Product Description: This is a nice, high quality, named German Army Signal Officers Tunic. This is the M36 pattern that was worn throughout the war by German Army officers. It’s tailor made of a tricot wool with a diagonal ribbed weave. The field gray painted buttons suggest that this was intended for field and service use. There is a textbook original hand embroidered German Army officer eagle neatly hand sewn to the breast. There is some mothing around the edges of the eagle. The shoulder boards are beautiful, high quality prewar manufacture, piped yellow for Nachrichten (Signals). They each have one rank pip, indicating a rank of Oberleutnant. The braid on the shoulder boards has a real silver content, which has toned handsomely with time. The stitching on the shoulder boards is tight and invisible, typical original tailor work. The collar tabs are very neatly machine sewn to the collar using the same thread that was used in the collar’s construction, leaving no doubt that this is an original application. This signal officers tunic features original sewn award loops for one badge and for a ribbon bar. A buttonhole ribbon for the Iron Cross 2nd Class is also present. The tunic is mostly clean, with signs of wear and use, and a small area of mothing on the right sleeve with some scattered small holes, the largest around pencil eraser size. The inside of this signal officers tunic features the expected full lining, in a nice artificial silk. There is an internal belt as well as a dagger slit inside the left pocket and lining. Inside the pocket there is a name tag with the name “Heinz Schulz” and the date “14. VI. 1939” (June 14, 1939). It may be possible to research this officer. The inside matches the outside perfectly, with some signs of wear. This is a great officer service tunic, in fine prewar quality, for an Army officer who served in the war and was decorated. It displays great.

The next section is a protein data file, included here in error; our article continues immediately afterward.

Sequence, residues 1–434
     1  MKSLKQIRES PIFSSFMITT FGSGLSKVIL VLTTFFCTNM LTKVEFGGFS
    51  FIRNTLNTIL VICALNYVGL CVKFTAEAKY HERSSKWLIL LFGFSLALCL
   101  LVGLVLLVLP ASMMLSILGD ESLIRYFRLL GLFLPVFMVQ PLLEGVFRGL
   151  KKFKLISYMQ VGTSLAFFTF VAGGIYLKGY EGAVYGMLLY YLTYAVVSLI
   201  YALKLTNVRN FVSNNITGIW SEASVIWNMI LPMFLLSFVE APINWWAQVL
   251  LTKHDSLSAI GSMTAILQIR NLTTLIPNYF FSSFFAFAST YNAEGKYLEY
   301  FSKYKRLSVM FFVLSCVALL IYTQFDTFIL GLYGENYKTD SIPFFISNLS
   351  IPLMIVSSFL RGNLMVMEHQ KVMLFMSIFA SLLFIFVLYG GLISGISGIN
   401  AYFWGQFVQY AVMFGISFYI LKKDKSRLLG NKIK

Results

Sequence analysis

Historical Description: The Deutsche Heer, the Army of the German military during the Third Reich, was established in 1935. Over the next 10 years, German Army troops wore a huge variety of uniforms. Enlisted men generally wore uniforms issued from military depots. Most enlisted soldiers wore wool trousers and a tunic with four external pockets, known as a Feldbluse (field blouse). Before the war, soldiers also were issued a walking-out tunic, with flashy insignia, called the Waffenrock. Officers wore the same general uniform styles, but as officers had to supply their own uniforms, they usually wore tailor made versions. There were also myriad varieties of specialized uniforms worn by certain units or in specific situations, from the stylish black wool “wraps” worn by crews of armored fighting vehicles, to the drab HBT work uniforms. There were tropical and summer uniforms, and camouflage smocks for combat troops. For troops operating in winter climates, there were long wool overcoats, fur clothing articles, and padded jacket and trousers sets. In 1944, a new uniform was introduced, featuring a short jacket with only two external pockets. Most but not all German Army uniform jackets bore the Heer emblem of an eagle holding a swastika.
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